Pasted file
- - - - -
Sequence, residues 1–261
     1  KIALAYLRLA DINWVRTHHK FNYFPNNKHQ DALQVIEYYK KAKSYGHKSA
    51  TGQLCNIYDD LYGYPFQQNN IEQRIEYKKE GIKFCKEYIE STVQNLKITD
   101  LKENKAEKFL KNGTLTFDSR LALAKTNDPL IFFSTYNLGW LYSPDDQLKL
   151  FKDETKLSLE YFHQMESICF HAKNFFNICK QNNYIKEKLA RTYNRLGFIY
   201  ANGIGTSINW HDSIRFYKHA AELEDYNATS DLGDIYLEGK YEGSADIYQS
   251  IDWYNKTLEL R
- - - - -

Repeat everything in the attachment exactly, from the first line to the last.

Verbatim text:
Sequence, residues 1–261
     1  KIALAYLRLA DINWVRTHHK FNYFPNNKHQ DALQVIEYYK KAKSYGHKSA
    51  TGQLCNIYDD LYGYPFQQNN IEQRIEYKKE GIKFCKEYIE STVQNLKITD
   101  LKENKAEKFL KNGTLTFDSR LALAKTNDPL IFFSTYNLGW LYSPDDQLKL
   151  FKDETKLSLE YFHQMESICF HAKNFFNICK QNNYIKEKLA RTYNRLGFIY
   201  ANGIGTSINW HDSIRFYKHA AELEDYNATS DLGDIYLEGK YEGSADIYQS
   251  IDWYNKTLEL R